In the cellar. Only estate fruit is used. As the entire production takes place on-site there is virtually no time between harvesting, sorting and pressing the grapes. This is fundamental to the intensely fresh quality inherent to Kogl wines. The range of their production is astonishing and so includes many techniques, from barrel aging of their textured white blend “Magna Dominica Albus” to the riddling of their methode traditionnelle sparkling wines.
The majority of the production is their fresh white wines vinified in stainless steel. After a brief cold maceration, the juice is pressed off by a bladder press and fermented dry with selected neutral yeast. A brief stay on the lees will take place for some. After the wines have settled they are gently filtered, cold stabilized and bottled. This consistency and simplicity of method emphasizes the intricacies of the vintage in each variety.
The wines. Franci’s main line of wines is "Mea Culpa" or "my fault" with an ironic twist. What he really wants to say is: This wine is my creation and I take responsibility, and credit, for making it. The irony is further emphasized by his fingerprint on the label. This expresses both: a responsibility almost as if he has committed a crime and his signature. Depending on the vintage there are upwards of 12 wines bottled. Most are varietal wines, from the delicate Ranina to the sumptuous Pinot Gris, to the savory rose of Pinot Noir. Generally, the “Mea Culpa” wines are best enjoyed fresh within 3 years of their release. However, certain vintages and varieties have aged particularly well, most of all the rose of Pinot.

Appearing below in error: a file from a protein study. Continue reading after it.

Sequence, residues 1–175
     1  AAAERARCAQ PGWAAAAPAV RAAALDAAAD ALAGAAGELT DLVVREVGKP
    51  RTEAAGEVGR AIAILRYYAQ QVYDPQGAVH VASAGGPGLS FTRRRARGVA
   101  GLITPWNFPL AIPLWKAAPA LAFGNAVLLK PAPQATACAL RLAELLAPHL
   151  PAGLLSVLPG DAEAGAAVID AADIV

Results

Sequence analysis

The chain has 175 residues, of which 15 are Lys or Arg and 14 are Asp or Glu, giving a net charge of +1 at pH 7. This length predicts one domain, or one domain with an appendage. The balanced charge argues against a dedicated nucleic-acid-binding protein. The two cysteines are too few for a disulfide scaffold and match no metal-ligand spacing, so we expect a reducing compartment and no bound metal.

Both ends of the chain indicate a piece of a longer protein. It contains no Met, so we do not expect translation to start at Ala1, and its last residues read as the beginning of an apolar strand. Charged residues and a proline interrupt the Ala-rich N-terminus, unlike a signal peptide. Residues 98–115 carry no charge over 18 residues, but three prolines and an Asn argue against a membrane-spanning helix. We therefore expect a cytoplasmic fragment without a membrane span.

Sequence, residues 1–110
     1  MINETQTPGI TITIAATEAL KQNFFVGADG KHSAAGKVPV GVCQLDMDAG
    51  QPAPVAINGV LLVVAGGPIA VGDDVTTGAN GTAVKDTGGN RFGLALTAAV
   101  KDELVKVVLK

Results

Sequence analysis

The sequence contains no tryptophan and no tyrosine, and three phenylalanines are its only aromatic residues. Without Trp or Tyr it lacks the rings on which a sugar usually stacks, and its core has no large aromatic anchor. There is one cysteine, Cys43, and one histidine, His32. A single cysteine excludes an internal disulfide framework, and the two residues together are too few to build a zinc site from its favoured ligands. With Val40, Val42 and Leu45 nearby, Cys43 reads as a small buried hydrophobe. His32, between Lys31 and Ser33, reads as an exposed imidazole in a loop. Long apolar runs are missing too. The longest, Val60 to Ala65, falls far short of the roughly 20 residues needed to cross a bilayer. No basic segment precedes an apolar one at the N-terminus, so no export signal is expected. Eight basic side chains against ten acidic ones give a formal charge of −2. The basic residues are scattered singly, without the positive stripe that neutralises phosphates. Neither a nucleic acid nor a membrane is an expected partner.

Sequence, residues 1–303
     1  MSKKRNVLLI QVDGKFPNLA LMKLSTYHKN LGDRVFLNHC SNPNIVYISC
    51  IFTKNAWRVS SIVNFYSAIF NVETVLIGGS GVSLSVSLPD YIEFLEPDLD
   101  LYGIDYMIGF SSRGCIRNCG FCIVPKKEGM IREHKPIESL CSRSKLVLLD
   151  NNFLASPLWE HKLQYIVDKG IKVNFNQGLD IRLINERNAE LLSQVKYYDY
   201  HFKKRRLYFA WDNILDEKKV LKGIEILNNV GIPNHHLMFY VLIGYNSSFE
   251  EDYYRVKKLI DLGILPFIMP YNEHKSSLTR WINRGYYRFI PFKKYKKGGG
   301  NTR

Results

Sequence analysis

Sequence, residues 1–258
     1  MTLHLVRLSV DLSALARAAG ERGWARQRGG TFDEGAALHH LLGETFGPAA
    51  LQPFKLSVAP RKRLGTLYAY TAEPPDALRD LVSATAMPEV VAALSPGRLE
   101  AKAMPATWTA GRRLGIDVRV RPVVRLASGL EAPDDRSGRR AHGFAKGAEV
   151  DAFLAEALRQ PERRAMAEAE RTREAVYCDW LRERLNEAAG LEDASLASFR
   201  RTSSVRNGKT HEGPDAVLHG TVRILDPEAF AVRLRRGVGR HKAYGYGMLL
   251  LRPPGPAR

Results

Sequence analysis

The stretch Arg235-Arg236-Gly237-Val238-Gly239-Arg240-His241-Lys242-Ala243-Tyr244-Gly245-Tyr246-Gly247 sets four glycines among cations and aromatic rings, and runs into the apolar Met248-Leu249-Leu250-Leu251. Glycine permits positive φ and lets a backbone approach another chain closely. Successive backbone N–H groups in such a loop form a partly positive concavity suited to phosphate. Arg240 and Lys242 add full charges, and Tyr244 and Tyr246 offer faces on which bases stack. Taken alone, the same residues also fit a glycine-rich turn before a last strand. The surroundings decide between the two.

Small amounts of traditionally processed sparkling wines are made in both dry and off dry versions. Delightfully creamy but with a persistence only found in cool climate examples. Rounding out the selection is “Magna Dominica Albus” the premium house white. Made from an ever changing mix of aromatic varieties aged Sur lie in barrel, it is a full bodied, textured cuvée and possibly the finest wine of the estate.
Read the informative report about a visit at the Kogl Winery on the Schiller-Wine-Blog.
Wine & Spirits Magazine recently published excellent reviews of Kogl wines: Kudos for Kabaj, Kogl, and Batič